I Don’t Like Getting Up Early!
Understand: Your teen probably really does feel tired, especially in the mornings. According to the American Academy of Pediatrics, most teens are sleep deprived. They recommend adolescents get 9 hours of sleep every night.
Respond: Show your teen the research on adolescent sleep so that they can see for themselves that a lack of sleep results in a greater likelihood of poor academic performance, depression, obesity, and getting injured. When they realize how important sleep is they might be more motivated to make it a priority. Then offer your teen these ideas for getting more sleep: set a consistent bedtime that allows them to get 9 hours; limit TV, computers, phones, and any other screens one hour before bed; require your teen to put their phone in a different room of the house during the night; and plan ahead so that they can manage their homework, chores and extracurriculars in a way that they still leave enough time for sleep.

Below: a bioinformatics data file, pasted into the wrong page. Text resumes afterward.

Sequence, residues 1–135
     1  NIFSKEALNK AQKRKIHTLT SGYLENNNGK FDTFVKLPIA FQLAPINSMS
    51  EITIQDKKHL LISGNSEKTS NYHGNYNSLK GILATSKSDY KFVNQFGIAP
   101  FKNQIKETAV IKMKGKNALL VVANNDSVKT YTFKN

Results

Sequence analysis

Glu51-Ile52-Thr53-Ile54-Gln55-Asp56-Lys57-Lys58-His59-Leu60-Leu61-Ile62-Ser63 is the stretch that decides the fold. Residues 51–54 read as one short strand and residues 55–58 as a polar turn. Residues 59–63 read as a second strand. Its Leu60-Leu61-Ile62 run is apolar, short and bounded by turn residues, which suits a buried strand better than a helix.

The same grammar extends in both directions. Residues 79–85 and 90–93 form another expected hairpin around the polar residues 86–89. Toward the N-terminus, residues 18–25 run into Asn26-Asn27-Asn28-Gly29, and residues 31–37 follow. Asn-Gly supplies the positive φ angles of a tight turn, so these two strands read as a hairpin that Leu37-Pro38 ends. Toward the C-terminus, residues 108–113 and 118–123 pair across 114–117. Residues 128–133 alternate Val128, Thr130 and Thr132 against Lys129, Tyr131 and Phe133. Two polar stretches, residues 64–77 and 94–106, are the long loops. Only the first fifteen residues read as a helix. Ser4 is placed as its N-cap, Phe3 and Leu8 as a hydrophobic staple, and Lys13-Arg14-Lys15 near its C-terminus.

Research shows that every day of missed school has a negative impact on academic achievement, and continued absence is associated with higher rates of early school drop-out, emotional and behavioral difficulties, and poor social adjustment. It is vital that your teen attend school. Work to understand the issues behind your teen’s frustration and determine how you can help them through it.
Remind your teen that, just like you have a responsibility to go to work, they have a responsibility to go to school. Adults must work to feed their families, obtain shelter, and to have money to purchase fun things like movies or clothes. These are an adult’s motivations. The consequence for not going to work is losing your job. Your teen’s motivation for school is to learn the skills necessary to be successful in adulthood. The consequences for not going to school are a life that doesn’t fulfill their potential – they may be unemployed, poor, socially withdrawn, or otherwise missing out on life’s best.